Speaker 3 40:08
I got a little while Where's this one the next one instead Okay, there okay, that's another picture of the store showing the front and the entrance up underneath was my grandmother's root cellar where she kept all the preserves and all that sort of thing and then the door round to the other side. And the next picture is their truck. They have one of the first vehicles on the island and Kersey was trucking back and forth to Fulford. And that's Nan ruckle sitting on the hood tells you that the next one is of my father feeding the chickens and I put it in because beaver Point area was so cleared at that point, and you go there now and it's an absolute force. It looks almost like old growth. But that's 60 years of since it was cleared, and they had a garage there for their car and they had chickens and a few pigs. And that's my father with the traumas from school.

Speaker 3 41:20
And that's my grandmother and my father and her two sisters. Her family loved to come to Salisbury her younger she was one of about 10 children. And so her young sisters love to come and spend the summers there. And I used to spend summers there too. And that's another one of their truck with all the feed feed was another important thing that people needed brought onto the island from off the island. And that's why he actually went to Fulford it seemed that's where the feed came in. This was his farm at Beaver point and that's me and amongst the animals there but that barn was there for quite a few years. I don't know when it fell down or was taken down. It was the 60s Okay. That's across from Beaver point Hall. So now we're coming into the Fulford area and that's the probably the Jone in the at the dock there early on. Before it was very developed. It was very clear it all up there to everybody coming for boat day. I don't know how they maintain those clothes with irons that heated on the stove and washed by hand. And that's another one that's again before the ferry dock went in and those sheds were feed sheds and the two on the side was a storage shed and a fuel shed that granddad had acquired. And across the way from them was a feature that the molex used to have, but I think around the 1937 He bought it from the boys and there was a private home up where the store is now and that's what became Fulford store that was early early on. And he purchased that and he rented it out, it was eight off triggy that had built it some years much earlier. And the Cudmore has rented it well they built their store across the road and he kept the front part later to any first just started selling feed out of it and that was when it became a store. So now I should catch up to you here. So there was the side pack was coming into Fulford so it was a building boom. And Fred Cudmore had subdivided all that orchard drive and put homes in and with the ferry service coming there that changed a lot of things because now people could take trucks over to Victoria and bring stuff back and beaver point ceased to become as important to stop for the CPR boats and finally in 1951 They stopped altogether and the post office moved into Fulford so that meant there really was no reason for them to stay at Beaver point. So they moved into Fulford and they live in the back of the house. Oh and the upstairs and had the store just in the front area. This is another one anyways okay, you know what I should have warned you Frank computers and I don't get to actually using Shawn just has to walk in the room and at smartens right up, but when I'm on it anyways, that's their 25th wedding anniversary out at Beaver point and that would be 1940 And that's my bob my Father Bob and he looks like he's just having a wonderful day.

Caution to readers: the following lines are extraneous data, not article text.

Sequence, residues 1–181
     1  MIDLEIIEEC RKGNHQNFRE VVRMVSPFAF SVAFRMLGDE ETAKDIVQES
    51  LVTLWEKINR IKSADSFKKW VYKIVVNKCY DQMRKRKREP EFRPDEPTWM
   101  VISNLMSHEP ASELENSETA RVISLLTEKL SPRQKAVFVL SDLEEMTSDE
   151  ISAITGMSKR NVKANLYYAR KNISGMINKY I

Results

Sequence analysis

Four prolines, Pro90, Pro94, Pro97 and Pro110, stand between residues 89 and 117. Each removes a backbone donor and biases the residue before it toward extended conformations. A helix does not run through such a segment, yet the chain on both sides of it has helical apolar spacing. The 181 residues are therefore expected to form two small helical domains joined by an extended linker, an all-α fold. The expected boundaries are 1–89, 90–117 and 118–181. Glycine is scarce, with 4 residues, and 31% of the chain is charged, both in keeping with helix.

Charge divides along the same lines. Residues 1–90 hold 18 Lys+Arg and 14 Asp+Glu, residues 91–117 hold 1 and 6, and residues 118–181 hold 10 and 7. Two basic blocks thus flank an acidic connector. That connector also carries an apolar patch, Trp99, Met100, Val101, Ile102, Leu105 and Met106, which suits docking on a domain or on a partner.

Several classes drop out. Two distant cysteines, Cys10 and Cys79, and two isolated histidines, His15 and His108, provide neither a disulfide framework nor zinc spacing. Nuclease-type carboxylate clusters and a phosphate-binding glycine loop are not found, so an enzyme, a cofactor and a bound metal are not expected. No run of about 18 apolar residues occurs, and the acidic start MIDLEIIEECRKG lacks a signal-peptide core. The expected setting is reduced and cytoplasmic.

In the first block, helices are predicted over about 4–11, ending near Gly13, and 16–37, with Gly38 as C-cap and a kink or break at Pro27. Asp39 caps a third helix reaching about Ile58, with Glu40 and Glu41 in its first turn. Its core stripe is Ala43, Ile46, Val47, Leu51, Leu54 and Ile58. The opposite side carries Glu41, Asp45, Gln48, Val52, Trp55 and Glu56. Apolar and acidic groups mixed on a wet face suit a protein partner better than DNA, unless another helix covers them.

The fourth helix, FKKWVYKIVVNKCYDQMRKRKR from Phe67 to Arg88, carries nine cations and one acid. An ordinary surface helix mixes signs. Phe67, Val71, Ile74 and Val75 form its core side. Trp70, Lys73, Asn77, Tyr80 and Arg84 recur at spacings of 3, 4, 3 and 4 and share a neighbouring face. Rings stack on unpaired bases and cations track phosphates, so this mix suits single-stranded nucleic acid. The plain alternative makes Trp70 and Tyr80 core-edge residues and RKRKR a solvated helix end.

Unknown Speaker 44:51
What his problem was okay

Speaker 3 44:59
am I touching Something Okay, there we go. I think we're all right. That's another one of a car old car in front of the full food store. Now, we're coming into the next phase and that on the right is my mother, Nancy Watkins Baker and she came to salt spring from the Queen Charlotte Islands. She was born and mass it. The parents moved there. I don't know when they moved there but anyway, she was born there. And her grandfather was Dr. Lawson and Dr. Lawson and his wife Lillian came to Salt Springs to be the physician on Salt Spring and lived on the corner of Rainbow Road and Fulford Ganges road where the lawyers offices today and they had a big piece of property there did a lot of lawn bowling and entertaining. And Nancy's parents moved to the island and they did various things. But they did go and manage the Ganges and for Jay Mowat, which was wonderful for my mother because she had all these girls that were either working there or staying there. Helen, Rachael is on the left, and she's got glasses on her nose or something. But anyways, she and Nan came from Beaver point to stay there while they went to school because it was just too long their drive from Beaver points so they were stayed in Monday to Friday. And those girls had so much fun in the middle is Peggy and I'm not sure companies pick him up during I don't know who it would be but they were having they had a great fun and they my mother was very much a outgoing and loved lots of fun. Actually, I think Bruce takes after her a lot. This is a picnic here with the raffles Norman Rockwell who died very young, and my father and then in the front rows. My mother, Helen Rocco, and again, I think there's Phyllis new and somebody else again, and I can't remember the names and behind was my grandparents on my mother's side, the Baker's Evelyn and Cecil on a picnic. Helen and Nan staying at the end introduced my mother to their cousin Bob, he didn't go to school at Ganges he went to Victoria. So they introduced my mother and they got married. And we've got to get this thing off here again, there we go. And there they are sitting at a car on the front of a car at Beaver point again. And there is she's there with the granddad Patterson, in front of a truck looks like a snowy day. And this is the little rock garden that was at Beaver point, sort of going back here. That's me when I was I don't know about five and so not too long before they moved away. But that area is so prominent now you would never ever know that. That was all a rock garden. And that's what I think it's so interesting. When I go out there, I can't believe they ever lived there. And that's my grandmother and me again. And that's another one of that. When Fulford store reverted to being a home, that's back when we bought the new store so and then of course, here is the the old gas pump that what's and you've all seen that. Oops, this wants to come back again. Now, so we've got Bob and Nancy marrying and Bob went to Victoria and worked in the shipyards. And I was born in Victoria while they were there, and then they came back to Salt Spring. And they couldn't go to this one. They needed some help in the store because they were running both stores. So actually to think the Pattersons were the first change store on salt spring they had two stores for a number of years from about 1930 to 1951. And there's the old side pack in the warfare. So Bob was needs to come and help so he came back after the war and he built a home on a big piece of property off of Morningside road. And at that time, my grandfather purchased this piece of property from someone who really needed to get rid of the property and nobody wants to buy property in those days. So he got it from this Mrs. MCBRIDE whose husband had died and she wanted to go back to Vancouver. So my father built a house there and helped with the store. So